10. Tencent. Annual report 2018. Available from: https://support.weixin.qq.com/cgi-bin/mmsupport-bin/getopendays. Accessed May 2, 2021.

11. National Bureau of Statistics. Report of the 7th National Census; 2021. Available from: http://www.stats.gov.cn/tjsj/tjgb/rkpcgb/. Accessed August 29, 2021.

12. Quadagno JS. Aging and the Life Course: An Introduction to Social Gerontology. New York: McGraw-Hill Education; 2006.

13. Gao YP, Hu JS, Xiao J. Gerontological Psychology. Beijing: Peking University Press; 2013. In Chinese.

14. Treiman DJ. The “difference between heaven and earth”: urban–rural disparities in well-being in China. Res Soc Stratif Mobil. 2012;30(1):33–47. doi:10.1016/j.rssm.2011.10.001

15. Zhou RS, Pan ZD, Xie B, Cai J.Comparison of mental health and subjective well-being between empty-nesters and non-empty-nesters in Huangpu District, Shanghai. Shanghai Arch Psychiatry. 2009;21(6):336–339.

16. Li DM, Chen TY, Wu ZY, Xiao JF, Fei AH. Study on the physiological and psychological health of the urban elderly. Chinese J Gerontol. 2006;26:1314–1316.

17. Huang JC. Older adults living alone in China: a research review. Chin J Gerontol. 2015;35(23):6954–6956. doi:10.3969/j.issn.1005-9202.2015.23.142

18. Zhao Y Assessing self-neglect on elderly, exploring its impact factors and the impact on their quality of life in rural China [doctoral dissertation]. China: Anhui Medical University;2017.

19. Yu M, Gu L, Jiao W, Xia H, Wang W. Predictors of self-neglect among community-dwelling older adults living alone in China. Geriatr Nurs. 2019;40(5):457–462. doi:10.1016/j.gerinurse.2019.02.002

20. Cobb S. Social support as a moderator of life stress. Psychosom Med. 1976;38(5):300–314. doi:10.1097/00006842-197609000-00003

21. Peng H, Mao X, Lai D. East or west, home is the best: effect of intergenerational and social support on the subjective well-being of older adults: a comparison between migrants and local residents in Shenzhen, China. Ageing Int. 2015;40:376–392. doi:10.1007/s12126-015-9234-2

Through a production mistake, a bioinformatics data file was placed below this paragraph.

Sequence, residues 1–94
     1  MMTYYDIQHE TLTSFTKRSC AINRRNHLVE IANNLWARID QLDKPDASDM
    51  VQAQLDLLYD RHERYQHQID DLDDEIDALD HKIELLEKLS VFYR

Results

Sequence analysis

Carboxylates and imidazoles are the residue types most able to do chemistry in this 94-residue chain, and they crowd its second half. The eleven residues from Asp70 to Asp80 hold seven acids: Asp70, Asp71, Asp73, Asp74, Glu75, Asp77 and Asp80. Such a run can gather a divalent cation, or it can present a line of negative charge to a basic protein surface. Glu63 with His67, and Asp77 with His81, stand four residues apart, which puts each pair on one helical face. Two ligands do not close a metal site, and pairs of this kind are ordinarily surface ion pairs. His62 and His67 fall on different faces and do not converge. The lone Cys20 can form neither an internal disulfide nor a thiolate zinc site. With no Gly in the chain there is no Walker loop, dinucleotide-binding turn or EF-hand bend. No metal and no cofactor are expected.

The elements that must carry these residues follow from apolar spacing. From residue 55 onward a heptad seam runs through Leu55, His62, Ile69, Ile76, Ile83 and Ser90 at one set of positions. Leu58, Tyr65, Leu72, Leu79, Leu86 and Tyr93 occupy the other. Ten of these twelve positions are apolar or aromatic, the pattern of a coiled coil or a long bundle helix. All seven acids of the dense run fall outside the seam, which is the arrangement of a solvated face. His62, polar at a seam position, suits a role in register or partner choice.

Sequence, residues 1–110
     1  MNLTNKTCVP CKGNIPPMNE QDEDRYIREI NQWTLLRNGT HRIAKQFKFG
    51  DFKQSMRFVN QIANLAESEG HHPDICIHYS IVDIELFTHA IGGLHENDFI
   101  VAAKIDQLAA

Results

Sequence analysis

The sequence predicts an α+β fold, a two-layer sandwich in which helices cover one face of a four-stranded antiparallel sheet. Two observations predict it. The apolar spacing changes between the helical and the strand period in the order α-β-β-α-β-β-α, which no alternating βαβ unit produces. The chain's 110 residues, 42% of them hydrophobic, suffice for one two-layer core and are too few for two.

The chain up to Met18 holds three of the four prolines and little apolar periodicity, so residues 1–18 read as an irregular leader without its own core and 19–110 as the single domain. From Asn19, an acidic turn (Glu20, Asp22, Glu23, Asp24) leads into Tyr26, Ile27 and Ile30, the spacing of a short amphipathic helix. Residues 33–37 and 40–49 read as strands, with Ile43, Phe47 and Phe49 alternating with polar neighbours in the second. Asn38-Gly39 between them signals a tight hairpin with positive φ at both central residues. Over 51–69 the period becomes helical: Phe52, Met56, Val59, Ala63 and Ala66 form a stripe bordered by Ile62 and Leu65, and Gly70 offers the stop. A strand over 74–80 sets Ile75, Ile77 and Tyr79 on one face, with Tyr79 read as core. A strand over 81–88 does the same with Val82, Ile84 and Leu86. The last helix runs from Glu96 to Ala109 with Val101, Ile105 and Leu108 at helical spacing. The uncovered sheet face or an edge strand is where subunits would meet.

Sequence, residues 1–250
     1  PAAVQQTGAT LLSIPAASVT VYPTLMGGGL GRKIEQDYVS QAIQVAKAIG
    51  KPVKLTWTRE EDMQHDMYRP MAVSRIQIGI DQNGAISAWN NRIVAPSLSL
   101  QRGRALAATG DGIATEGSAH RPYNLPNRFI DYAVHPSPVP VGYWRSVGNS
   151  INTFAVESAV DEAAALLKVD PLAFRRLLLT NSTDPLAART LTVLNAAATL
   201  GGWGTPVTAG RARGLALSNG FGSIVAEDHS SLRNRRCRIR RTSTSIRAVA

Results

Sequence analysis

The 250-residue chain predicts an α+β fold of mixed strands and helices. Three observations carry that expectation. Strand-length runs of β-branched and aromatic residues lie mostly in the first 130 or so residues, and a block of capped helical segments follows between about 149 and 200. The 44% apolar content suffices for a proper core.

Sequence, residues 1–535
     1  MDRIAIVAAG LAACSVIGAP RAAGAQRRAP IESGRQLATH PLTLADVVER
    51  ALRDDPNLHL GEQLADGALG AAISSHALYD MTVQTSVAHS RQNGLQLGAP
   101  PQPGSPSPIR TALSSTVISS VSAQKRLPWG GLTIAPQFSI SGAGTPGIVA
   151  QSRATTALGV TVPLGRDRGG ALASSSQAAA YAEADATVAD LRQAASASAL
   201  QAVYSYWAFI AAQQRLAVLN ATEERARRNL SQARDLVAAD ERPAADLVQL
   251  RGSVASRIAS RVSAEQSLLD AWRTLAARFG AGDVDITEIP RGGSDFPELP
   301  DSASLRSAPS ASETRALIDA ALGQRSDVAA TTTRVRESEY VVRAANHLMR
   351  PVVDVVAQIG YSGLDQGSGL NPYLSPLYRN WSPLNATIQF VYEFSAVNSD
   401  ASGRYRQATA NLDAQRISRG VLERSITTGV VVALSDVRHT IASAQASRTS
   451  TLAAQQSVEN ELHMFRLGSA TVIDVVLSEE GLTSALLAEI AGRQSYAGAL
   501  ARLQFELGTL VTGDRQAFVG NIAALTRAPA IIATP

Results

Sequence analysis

22. Mohd TAMT, Yunus RM, Hairi F, Hairi NN, Choo WY. Social support and depression among community dwelling older adults in Asia: a systematic review. BMJ Open. 2019;9(7):e026667. doi:10.1136/bmjopen-2018-026667

23. Tang D, Zou J, Shen JL, Zhang L. The influence factors of subjective well-being in older adults. Chinese Mental Health J. 2006;20:160–162.

24. Ren J, Jin ZC, Yang QJ. A meta-analysis of factors affecting subjective well-being of the elderly in China. Chin J Clin Psychol. 2010;18:119–121.

25. Zhang HK. The present situation and change of the education level of the elderly population in China. Chinese J Gerontol. 2016;36:1215–1216.

26. Murrell SA, Meeks S, Walker J. Protective functions of health and self-esteem against depression in older adults facing illness or bereavement. Psychol Aging. 1991;6(3):352–360. doi:10.1037//0882-7974.6.3.352

27. Alaphilippe D. Self-esteem in the elderly. Psychol Neuropsychiatr Vieil. 2008;6(3):167–176. doi:10.1684/pnv.2008.0135

28. Yao P. Relationship between well-being, exercise and self-esteem in the elderly. Yinshan Acad J. 2018;32:41–44.

29. Song FF. A study on the relationship between older adults’ self-esteem and their subjective well-being. Stat Manage. 2016;7:50–52.

30. Valenzuela S, Park N, Kee KF. Is there social capital in a social network site?: Facebook use and college students’ life satisfaction, trust, and participation. J Comput Mediat Comm. 2009;14(4):875–901. doi:10.1111/j.1083-6101.2009.01474.x

31. Pittman M, Reich B. Social media and loneliness: why an Instagram picture may be worth more than a thousand Twitter words. Comput Hum Behav. 2016;62:155–167. doi:10.1016/j.chb.2016.03.084

32. Apaolaza V, Hartmann P, Medina E, Barrutia JM, Echebarria C. The relationship between socializing on the Spanish online networking site Tuenti and teenagers’ subjective wellbeing: the roles of self-esteem and loneliness. Comput Hum Behav. 2013;29(4):1282–1289. doi:10.1016/j.chb.2013.01.002